Dodge & Cox Among the U.S. investment industry's oldest participants, Dodge & Cox has succeeded quietly with a fairly straightforward stock-and-bond model that has nurtured a repeatable investment process; strong, stable investment teams; a rational--and medal-winning--fund lineup; and competitive long-term performance records. A prime example of Dodge & Cox's focus on investors' best interests is the deliberate pricing of its no-load mutual funds in the bottom quartile of their respective peer groups. A second example is the methodical development of its fund lineup. Its analysts have long focused on firms' entire capital structure. That focus supported the launch of the firm's six strategies across equities and fixed income. Other evidence of the firm's investor-centered approach includes its well-telegraphed, gradual successions; its consensus-oriented decision-making that minimizes key-person risk; and its willingness to close strategies to protect its investment style.
Although some of its strategies took a beating in the global financial crisis, the firm had warned investors that its strong returns leading up to that time might not go on indefinitely. It has since increased shareholder communications to educate investors on its process and encourage a long-term investment mentality. The firm has been honest about its funds' challenges in 2020--which were tied, in part, to its energy and financials holdings. But Dodge & Cox’s funds have fared well over the long term.
T. Rowe Price T. Rowe Price has a strong, consistent culture that the firm has maintained through the years, even in the wake of retirements, some unexpected departures, and headwinds for active management. The firm's success is rooted in its fundamental approach to active management and deep analyst bench. Investors benefit from managers' generally long tenures at the firm, well-planned manager transitions, the firm's ability to attract and retain talent, and reasonable costs for active management. The firm takes a long-term, investor-focused approach to its business. It avoids trendy fund launches and closes strategies when they near capacity. T. Rowe handles succession planning well, including recent retirements within fixed income; transitions of six months to a year are common. Management tends to get the right people in the right seats, so there aren't many managers who don't work out, which minimizes disruption to the end investor. Strategies also tend to stay fairly consistent over time, so investors generally can keep owning them throughout a manager change.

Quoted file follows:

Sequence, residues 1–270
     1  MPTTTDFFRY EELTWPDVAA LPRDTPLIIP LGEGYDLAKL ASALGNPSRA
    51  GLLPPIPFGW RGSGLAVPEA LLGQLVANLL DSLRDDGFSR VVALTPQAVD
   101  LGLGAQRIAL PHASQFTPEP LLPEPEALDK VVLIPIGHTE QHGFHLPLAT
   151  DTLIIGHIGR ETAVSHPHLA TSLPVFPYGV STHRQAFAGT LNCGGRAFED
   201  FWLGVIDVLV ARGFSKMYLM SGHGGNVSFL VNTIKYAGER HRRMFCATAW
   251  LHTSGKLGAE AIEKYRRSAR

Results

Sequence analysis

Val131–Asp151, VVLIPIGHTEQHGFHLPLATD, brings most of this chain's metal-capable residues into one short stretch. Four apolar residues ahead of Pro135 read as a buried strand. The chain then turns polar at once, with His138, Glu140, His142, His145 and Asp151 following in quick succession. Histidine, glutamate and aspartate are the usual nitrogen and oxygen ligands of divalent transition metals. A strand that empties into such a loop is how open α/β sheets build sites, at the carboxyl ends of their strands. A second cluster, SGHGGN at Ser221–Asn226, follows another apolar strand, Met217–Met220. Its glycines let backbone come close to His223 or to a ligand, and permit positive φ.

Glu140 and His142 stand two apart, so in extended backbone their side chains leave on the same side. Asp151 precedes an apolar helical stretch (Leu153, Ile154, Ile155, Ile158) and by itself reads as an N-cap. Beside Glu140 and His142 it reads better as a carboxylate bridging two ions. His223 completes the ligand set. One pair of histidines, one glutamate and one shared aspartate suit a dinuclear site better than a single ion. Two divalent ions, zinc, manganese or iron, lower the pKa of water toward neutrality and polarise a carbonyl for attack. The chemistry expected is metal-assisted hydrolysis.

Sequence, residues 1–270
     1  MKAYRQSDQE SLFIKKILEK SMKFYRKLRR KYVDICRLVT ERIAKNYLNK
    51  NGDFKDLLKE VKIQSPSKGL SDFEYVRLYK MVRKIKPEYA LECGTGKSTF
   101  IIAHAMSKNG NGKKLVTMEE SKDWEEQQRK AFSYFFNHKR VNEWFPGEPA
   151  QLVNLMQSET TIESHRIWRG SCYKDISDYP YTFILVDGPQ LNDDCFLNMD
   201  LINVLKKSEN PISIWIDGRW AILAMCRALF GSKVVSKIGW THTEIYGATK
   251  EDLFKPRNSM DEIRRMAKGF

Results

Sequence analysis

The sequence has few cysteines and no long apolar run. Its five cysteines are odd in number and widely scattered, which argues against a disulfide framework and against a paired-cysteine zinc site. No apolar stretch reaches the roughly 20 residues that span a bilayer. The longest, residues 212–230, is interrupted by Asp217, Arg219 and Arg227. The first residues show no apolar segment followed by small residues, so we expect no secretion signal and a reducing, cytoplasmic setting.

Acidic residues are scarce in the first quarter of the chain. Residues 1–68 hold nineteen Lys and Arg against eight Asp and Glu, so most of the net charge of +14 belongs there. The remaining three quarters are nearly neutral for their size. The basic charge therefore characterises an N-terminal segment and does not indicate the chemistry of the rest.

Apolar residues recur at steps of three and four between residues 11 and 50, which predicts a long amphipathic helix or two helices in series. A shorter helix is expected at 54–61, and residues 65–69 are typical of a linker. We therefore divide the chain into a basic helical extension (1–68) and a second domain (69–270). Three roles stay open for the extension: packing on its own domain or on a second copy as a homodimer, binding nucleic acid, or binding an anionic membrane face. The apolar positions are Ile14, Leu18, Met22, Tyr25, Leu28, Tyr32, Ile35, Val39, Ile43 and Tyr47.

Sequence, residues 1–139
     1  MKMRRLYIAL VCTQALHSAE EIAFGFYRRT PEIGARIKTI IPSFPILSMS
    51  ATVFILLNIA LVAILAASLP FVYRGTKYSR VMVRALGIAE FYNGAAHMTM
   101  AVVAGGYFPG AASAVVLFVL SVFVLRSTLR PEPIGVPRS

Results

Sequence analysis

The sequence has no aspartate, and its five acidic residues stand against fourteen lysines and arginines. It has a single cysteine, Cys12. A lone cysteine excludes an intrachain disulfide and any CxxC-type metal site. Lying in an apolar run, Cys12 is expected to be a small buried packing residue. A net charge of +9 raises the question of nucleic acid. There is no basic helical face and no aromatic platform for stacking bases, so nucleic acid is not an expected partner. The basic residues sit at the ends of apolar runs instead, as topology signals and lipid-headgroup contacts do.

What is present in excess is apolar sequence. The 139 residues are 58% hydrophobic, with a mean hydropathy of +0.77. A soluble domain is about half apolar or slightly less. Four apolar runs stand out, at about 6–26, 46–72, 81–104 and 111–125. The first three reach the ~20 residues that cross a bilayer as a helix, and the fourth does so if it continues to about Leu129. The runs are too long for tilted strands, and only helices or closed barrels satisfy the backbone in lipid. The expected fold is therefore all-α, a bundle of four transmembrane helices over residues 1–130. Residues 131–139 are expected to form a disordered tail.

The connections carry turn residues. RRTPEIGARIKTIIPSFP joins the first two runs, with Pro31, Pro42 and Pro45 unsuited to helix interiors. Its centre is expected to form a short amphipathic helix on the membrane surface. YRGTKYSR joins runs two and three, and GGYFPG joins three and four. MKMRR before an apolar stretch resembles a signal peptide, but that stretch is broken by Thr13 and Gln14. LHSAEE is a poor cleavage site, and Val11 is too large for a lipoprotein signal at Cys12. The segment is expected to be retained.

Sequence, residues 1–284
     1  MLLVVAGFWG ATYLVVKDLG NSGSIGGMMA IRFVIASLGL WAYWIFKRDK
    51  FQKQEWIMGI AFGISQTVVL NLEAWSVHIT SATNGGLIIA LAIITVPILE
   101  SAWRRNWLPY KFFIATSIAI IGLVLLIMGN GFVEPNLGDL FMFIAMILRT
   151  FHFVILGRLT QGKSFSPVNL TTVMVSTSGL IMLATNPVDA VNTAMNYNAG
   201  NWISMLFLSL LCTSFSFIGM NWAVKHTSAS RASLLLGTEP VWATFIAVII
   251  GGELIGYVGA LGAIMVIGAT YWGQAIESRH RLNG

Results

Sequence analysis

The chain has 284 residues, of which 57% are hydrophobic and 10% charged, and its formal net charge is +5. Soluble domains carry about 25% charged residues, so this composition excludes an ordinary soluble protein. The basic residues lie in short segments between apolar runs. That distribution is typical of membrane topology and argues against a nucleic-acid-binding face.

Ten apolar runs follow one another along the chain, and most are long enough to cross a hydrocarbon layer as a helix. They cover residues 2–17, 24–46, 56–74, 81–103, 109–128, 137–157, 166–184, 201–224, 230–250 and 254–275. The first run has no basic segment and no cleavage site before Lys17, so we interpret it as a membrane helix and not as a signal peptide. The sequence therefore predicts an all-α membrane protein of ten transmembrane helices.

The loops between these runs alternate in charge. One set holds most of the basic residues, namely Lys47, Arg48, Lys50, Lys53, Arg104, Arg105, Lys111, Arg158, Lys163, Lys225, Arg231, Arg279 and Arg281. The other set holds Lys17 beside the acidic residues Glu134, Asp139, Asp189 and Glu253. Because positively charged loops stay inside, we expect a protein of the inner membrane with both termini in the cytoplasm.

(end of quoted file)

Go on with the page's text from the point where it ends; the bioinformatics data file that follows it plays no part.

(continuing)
Even amid a global slowdown, T. Rowe plans to keep hiring on the investment side. The firm hired in past downturns while some competitors faced layoffs, reflecting the power of its healthy corporate balance sheet and commitment to maintaining its investment edge in an increasingly competitive industry. In recent years, the firm has bolstered resources in its critical multi-asset group, responsible for much of its asset growth, as well as the increasingly impressive quantitative team. Its equity division remains top of mind, too: The firm has made experienced hires in key areas such as healthcare.